The thing is, airport lounges historically have been small spaces for a select few — not spaces for everyone with plastic in their pocket.
Though no one will tell you outright, because so much money has been made, even those early airline and credit card partnerships somewhat went south quickly, with the guest expectation of premium credit card holders rarely being met by the dwindling airport lounge standards.
More people through the door was met with decreasing offerings to control costs of the access. Airlines were only happy to have these people pop in if they were profiting on the transaction — not if they drank them dry.
What were once a la carte “full meal” buffets became stale chips and dips, with some pretzels if you were lucky. What was once palatable $15-$20 wines became true super market bottom shelf which liquor that may well double as varnish for the spaces.
Cutting Out The Middle Men
So then credit card companies cut out the middlemen, the airlines, and opened their own spaces… only to create the same problem. You build it and they will come — and stay super long because they love getting value from their cards! Rightfully so, right?
When you sell airport happiness as a card perk, everyone wants that perk because everyone hates the airport. Plus, no one wants to feel like they’re losing on their big annual fee, which these days is increasingly… big. It might need to get bigger.
Airports are where airlines operate, sure, but the spaces are open for anyone to bid and contract on. It’s created a fever pitched competition to acquire spaces, and with such limited real estate, getting enough space to make the space worthwhile is truly difficult.
The Way Forward: Old Becomes New Again, New Becomes Better
There are ways to make every airport experience better and I genuinely believe many are happening. Paris Charles De Gaulle (CDG) is trialling putting truly local, unique and independent stores in place of chains like Starbucks to create an exciting environment for guests, which make people without lounge access really happy.
Generally, I’d say terminals are getting better. I often opt to pay $20 for a single nice glass of wine at a wine bar or steak house rather than waiting in line to have swill in a lounge. It’s often equally tranquil and there’s more selection.
Many airports are investing in food delivery within the terminal, with robots or people hustling to go fetch you something and bring it to your perfectly adequate seat in the terminal. With advancements like these, I don’t always bother with lounges.
If I so much as see a five person line, I immediately beeline my way towards an empty gate area where a flight has just departed and set up camp. If a lounge isn’t truly a haven, it does not have a place in my world. And havens in crowded places are valuable!
What Airlines Must Do: Hard Pill
Airlines and credit card companies need to stop trying to please everyone and start delivering on the marketing claims they make for the people who drive revenue and value for them.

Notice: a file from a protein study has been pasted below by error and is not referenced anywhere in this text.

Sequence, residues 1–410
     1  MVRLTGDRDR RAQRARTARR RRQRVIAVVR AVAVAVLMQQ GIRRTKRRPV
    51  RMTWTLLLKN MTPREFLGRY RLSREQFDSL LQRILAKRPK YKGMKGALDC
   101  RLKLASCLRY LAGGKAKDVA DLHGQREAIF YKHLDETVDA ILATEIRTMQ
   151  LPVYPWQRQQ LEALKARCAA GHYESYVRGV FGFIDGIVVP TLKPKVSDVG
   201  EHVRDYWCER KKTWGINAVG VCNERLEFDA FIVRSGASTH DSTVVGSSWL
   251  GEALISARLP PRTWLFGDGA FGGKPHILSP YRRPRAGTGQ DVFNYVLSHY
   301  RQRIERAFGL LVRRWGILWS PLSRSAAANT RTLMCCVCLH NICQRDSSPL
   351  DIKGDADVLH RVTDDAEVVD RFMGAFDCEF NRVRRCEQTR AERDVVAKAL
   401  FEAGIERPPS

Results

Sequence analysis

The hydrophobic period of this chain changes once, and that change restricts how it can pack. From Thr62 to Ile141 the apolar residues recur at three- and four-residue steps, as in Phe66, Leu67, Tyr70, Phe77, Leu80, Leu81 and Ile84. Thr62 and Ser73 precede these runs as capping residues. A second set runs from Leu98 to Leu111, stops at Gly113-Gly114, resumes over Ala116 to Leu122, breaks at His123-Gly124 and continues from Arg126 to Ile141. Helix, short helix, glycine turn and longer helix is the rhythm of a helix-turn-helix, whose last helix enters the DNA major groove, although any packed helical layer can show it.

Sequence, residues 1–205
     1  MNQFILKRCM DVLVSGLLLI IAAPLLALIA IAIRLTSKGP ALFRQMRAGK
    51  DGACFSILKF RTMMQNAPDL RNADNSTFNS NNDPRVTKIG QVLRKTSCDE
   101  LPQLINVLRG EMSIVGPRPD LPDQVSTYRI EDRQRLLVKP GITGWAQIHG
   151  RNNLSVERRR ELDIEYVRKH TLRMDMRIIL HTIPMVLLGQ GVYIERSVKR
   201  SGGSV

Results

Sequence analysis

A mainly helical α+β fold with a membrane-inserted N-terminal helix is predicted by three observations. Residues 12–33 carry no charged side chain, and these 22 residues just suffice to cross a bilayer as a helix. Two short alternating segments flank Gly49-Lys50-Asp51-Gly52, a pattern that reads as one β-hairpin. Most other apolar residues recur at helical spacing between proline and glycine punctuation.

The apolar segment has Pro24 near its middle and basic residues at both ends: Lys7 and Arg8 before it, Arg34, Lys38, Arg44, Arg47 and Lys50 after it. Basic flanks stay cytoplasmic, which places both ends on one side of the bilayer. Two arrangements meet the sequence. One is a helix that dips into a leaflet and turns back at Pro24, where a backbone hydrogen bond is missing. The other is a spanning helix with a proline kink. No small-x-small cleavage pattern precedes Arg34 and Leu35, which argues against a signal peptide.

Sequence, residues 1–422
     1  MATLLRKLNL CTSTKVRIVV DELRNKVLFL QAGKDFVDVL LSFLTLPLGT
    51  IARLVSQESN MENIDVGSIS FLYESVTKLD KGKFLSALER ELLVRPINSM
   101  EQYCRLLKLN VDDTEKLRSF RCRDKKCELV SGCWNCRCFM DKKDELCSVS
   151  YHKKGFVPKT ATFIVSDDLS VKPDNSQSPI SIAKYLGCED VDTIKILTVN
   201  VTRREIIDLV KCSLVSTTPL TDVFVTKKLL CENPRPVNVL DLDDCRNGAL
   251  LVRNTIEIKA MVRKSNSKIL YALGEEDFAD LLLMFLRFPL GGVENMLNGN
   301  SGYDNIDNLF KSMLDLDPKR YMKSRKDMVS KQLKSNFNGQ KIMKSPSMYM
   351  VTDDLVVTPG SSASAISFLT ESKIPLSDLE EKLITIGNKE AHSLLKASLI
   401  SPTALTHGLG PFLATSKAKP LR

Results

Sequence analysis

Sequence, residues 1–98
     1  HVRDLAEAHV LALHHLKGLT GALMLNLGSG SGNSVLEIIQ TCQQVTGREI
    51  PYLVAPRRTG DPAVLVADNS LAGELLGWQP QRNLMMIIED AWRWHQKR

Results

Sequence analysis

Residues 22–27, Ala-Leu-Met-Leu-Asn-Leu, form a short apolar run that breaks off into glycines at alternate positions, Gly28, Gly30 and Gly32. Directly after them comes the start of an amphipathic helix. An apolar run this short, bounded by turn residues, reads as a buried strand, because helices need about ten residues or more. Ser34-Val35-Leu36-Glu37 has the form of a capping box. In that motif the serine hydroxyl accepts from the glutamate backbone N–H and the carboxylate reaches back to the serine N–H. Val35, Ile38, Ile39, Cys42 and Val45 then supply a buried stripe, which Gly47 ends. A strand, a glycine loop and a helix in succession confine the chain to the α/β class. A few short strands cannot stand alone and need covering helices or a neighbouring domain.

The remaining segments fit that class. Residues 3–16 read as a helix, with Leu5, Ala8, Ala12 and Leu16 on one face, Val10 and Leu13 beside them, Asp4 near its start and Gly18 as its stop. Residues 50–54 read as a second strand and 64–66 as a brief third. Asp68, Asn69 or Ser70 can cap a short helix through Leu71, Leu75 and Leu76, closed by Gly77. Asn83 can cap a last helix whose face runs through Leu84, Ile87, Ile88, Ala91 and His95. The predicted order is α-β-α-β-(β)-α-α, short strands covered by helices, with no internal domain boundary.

If they get more exclusive with which credit cards gain access and which elite statuses are eligible for the richest airport perks, they can go back to driving value to their good old flying products.
Many airlines have, or are tinkering with “cabin only” lounges, where you can only enter if you’re actually flying in a premium cabin like business or first. There should be no exclusion as to using miles or paying cash for these experiences and offering these will allow precise control over passenger numbers.
You know how many seats you have in these cabins out of any market and that’s the number of people you’ll get.
A time will come when it might make serious sense to cut lounge access for lower their elite statuses and instead focus on just calling a spade a spade, and setting up a grab and go area, or enhanced terminal wifi proposition for people with low status. It might actually be a lot better than delivering sub-bar experiences.
There’s so much open ground to play with in an airport that isn’t a stuffy room. A passenger could really benefit from a credit to use at independent airport vendors, or lightning fast wifi they can bank on for free.
One thing is for sure, the present is not aspirational.
Bonus Content: Hierarchy Of Lounge Guest Hell
A funny truth about these airport lounges is that most of the people in them hold a grudge against each other, feeling others are unworthy.
Those who earn lounge access as a perk of “butt in seat” flying feel that their loyalty is certainly more valuable than anyone who spends a lot on a credit card annual fee.
Many paying the highest credit card annual fees don’t like mixing with middle manager road warriors, and last but not least, those who may fly infrequently but pay top dollar for the best experiences when they do are mad at both of the above for getting in for any way that isn’t cold hard cash on the specific transaction – aka flight.